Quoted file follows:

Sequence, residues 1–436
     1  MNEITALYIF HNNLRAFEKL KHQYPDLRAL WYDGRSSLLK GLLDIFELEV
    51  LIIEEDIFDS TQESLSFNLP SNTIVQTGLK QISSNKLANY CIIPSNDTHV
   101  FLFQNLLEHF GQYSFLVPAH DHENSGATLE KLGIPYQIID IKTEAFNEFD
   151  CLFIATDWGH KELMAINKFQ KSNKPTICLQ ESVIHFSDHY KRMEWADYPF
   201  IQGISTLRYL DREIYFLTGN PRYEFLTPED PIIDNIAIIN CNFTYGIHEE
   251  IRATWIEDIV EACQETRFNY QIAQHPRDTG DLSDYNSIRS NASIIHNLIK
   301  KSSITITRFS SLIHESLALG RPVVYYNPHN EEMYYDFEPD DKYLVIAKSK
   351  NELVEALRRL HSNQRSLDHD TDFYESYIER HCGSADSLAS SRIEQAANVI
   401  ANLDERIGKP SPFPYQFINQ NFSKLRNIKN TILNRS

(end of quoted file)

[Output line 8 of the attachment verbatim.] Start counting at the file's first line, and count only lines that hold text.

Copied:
   301  KSSITITRFS SLIHESLALG RPVVYYNPHN EEMYYDFEPD DKYLVIAKSK